The other factors noted in Saxton do not bear on the present case. They are: (1) the child's preference (the children here are too young to express a preference); (2) the effect of the change on the child's relationship with each parent (the relative unimportance of this factor has already been noted in the discussion on Robinson); and (3) the degree of community respect associated with the present and the proposed names (neither parent testified that one name evokes a greater degree of community respect than the other).

In addition, absent evidence that the change will be detrimental to the preservation of the children's relationship with their father, we see no reason to put aside the preference expressed by their custodial parent, the children's mother. It is in the best interest of such young children to provide them with stability and continuity. See Pikula v. Pikula, 374 N.W.2d 705, 711 (Minn. 1985). The preservation of the family unit as they have always known it, including having the same name as their custodial parent, is an element of that continuity. Appellant has been and continues to be primarily responsible for the welfare of the children. Under these circumstances, the evidence does not show that the substantial welfare of the children necessitates a change of name.

The absence of particularized findings as well as the trial court's focus on respondent's desire to change the children's name indicates that the trial court relied on the Robinson doctrine without considering its development in Saxton. Robinson refers to

At the hearing on the petition, counsel for appellant cited Robinson but not Saxton to the court as controlling authority. The judge declined to make a decision immediately following the hearing, stating that he first wanted to review Robinson.

the natural and appropriate desire of the father to have his children bear and perpetuate his name, as well as * * * the desirability of the child knowing his own parentage.

Robinson, 302 Minn. at 36, 223 N.W.2d at 140. Saxton, however, in discussing that concern, refers to the effect of a name change on the child's relationship with each parent. Saxton, 309 N.W.2d at 301. Moreover, although this factor was of primary concern in Robinson, both that case and Saxton included it as only one among several factors to be considered. Id. at 302. Here, however, the court's findings do not reflect consideration of any other relevant factors.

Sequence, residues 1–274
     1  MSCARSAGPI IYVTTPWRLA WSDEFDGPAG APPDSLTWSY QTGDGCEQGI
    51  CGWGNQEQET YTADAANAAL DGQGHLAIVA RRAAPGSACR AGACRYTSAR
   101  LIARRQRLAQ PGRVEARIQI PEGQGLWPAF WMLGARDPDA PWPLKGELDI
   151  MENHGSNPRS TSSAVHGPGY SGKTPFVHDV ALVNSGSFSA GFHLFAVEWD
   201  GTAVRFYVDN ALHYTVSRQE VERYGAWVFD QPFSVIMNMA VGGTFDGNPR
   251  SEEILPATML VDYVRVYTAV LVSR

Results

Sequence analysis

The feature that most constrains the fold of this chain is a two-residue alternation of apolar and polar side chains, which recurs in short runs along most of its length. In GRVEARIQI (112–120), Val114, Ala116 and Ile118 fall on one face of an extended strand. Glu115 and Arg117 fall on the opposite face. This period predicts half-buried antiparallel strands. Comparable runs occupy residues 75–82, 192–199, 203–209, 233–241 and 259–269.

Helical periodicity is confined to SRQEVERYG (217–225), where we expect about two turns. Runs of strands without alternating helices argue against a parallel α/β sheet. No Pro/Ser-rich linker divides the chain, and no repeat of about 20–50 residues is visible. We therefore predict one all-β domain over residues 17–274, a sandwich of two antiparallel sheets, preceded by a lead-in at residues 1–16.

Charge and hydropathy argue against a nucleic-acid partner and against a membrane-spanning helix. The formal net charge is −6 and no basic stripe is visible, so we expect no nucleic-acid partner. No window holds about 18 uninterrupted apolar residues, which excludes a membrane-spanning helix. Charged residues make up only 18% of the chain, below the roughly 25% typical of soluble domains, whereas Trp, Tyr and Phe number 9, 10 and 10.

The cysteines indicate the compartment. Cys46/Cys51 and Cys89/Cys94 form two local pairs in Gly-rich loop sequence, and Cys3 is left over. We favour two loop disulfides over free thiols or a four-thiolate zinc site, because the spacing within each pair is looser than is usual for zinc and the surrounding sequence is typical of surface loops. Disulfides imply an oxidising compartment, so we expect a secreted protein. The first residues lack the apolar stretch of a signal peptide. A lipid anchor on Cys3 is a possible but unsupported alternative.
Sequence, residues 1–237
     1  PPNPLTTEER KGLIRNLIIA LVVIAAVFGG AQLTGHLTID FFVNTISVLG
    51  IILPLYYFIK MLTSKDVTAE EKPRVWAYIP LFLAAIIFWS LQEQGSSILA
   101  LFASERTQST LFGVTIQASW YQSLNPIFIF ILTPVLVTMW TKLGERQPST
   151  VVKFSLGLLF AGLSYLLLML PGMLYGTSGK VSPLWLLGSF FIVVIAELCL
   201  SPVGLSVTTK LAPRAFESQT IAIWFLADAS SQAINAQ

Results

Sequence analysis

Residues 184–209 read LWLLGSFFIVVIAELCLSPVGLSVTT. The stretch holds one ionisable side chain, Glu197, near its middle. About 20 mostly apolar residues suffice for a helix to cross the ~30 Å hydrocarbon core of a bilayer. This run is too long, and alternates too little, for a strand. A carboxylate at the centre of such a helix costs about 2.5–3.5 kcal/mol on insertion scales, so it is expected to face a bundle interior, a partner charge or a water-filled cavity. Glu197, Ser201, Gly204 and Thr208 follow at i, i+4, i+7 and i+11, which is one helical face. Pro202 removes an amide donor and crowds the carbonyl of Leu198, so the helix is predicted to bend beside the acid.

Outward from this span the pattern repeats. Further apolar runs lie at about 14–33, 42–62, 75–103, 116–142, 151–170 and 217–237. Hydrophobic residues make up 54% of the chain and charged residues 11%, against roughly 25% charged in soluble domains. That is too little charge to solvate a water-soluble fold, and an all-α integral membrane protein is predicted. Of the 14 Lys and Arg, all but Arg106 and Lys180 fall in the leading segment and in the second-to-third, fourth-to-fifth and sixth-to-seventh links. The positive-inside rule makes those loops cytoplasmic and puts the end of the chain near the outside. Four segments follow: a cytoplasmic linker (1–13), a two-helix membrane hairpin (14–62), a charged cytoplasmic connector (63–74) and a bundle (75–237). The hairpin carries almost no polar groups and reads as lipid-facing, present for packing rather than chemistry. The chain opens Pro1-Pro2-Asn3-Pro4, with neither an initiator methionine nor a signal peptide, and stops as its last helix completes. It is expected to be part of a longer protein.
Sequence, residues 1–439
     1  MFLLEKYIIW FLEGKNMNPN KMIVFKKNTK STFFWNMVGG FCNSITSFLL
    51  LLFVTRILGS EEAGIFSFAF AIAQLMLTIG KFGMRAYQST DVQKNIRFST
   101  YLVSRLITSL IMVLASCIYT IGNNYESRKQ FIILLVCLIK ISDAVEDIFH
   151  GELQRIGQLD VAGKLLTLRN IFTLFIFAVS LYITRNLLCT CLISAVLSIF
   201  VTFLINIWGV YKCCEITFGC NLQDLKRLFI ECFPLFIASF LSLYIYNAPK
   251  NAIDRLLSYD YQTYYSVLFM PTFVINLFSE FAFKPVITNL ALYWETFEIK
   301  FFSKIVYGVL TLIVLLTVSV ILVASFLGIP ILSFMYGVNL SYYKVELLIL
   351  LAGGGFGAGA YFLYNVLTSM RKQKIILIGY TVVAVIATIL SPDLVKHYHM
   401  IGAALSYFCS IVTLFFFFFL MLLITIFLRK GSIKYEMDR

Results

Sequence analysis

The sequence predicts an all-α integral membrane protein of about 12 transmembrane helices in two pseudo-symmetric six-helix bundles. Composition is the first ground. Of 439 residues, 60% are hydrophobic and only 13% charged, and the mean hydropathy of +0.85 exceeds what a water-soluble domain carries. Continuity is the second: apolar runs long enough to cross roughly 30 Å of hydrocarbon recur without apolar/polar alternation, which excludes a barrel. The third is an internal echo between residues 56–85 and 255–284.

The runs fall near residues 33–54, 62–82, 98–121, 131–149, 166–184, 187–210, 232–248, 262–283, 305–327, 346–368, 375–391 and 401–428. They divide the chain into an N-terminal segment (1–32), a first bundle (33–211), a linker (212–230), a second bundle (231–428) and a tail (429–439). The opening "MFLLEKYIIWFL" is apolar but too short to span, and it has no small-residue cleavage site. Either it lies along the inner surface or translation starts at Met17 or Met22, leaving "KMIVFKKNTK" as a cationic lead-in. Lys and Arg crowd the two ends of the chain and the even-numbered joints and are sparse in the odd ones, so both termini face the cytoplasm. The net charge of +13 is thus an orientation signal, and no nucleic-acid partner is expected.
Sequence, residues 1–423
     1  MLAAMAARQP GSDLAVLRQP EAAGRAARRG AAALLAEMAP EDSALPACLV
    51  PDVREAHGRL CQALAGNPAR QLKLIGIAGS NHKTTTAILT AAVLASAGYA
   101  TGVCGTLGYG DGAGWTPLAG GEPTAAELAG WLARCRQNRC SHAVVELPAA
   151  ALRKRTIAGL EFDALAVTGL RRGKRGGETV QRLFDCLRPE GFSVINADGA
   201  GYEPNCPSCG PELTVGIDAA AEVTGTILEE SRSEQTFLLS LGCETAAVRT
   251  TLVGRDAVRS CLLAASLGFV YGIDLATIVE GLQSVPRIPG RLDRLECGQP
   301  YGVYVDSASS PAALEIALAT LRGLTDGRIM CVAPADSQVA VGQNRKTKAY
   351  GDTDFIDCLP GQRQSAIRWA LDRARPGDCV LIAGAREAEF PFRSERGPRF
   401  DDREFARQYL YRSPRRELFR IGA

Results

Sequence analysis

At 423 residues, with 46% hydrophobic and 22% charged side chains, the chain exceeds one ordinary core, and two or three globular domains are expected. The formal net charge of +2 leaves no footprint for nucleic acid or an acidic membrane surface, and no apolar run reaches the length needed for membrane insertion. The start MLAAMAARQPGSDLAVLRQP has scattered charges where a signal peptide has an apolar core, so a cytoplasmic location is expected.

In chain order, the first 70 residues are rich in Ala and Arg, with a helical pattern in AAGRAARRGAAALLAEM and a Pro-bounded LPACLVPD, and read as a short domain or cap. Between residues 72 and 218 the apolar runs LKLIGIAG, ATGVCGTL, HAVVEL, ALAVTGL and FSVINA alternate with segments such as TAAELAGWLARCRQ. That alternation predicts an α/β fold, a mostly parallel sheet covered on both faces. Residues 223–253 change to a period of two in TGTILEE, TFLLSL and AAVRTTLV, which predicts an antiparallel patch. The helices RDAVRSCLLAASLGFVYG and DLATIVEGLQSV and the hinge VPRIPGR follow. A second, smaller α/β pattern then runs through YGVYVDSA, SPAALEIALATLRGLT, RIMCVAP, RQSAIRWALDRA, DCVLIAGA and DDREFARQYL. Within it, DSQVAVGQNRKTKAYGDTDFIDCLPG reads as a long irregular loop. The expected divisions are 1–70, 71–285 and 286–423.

The trial judge's questioning of the parties also reveals his reliance on a mistaken presumption of law that may have influenced the court's final decision. The judge expressed his belief that if the parties were to marry, the children's names would automatically convert to Girard. This is error; because the surname on the children's birth certificates is Hoglund, an application for a name change is necessary regardless of the parties' marital choices. See Minn.Stat. § 259.10 (1984). The merit for a change of name may increase upon the marriage of the parties; however, until application is made and granted, their names will continue to be Hoglund.

We recognize the validity of respondent's desire to perpetuate his family's name. This desire, however, is primarily aimed towards Orville, who was named after respondent's father, and not towards Bobby Jean, making it even less clear that the change of name would be in the best interests of both children. As noted in Robinson, the children may some day voluntarily decide to change their name to Girard. See Robinson, 302 Minn. at 38, 223 N.W.2d at 141. At the present time, however, the evidence is insufficient to show that a change of name would promote their best interests.


The trial court erred in granting respondent's petition to change the surname of the parties' children over appellant's objection. Respondent's reasons for desiring a change of the children's names are not clear and compelling evidence that the substantial welfare of the children necessitates a change.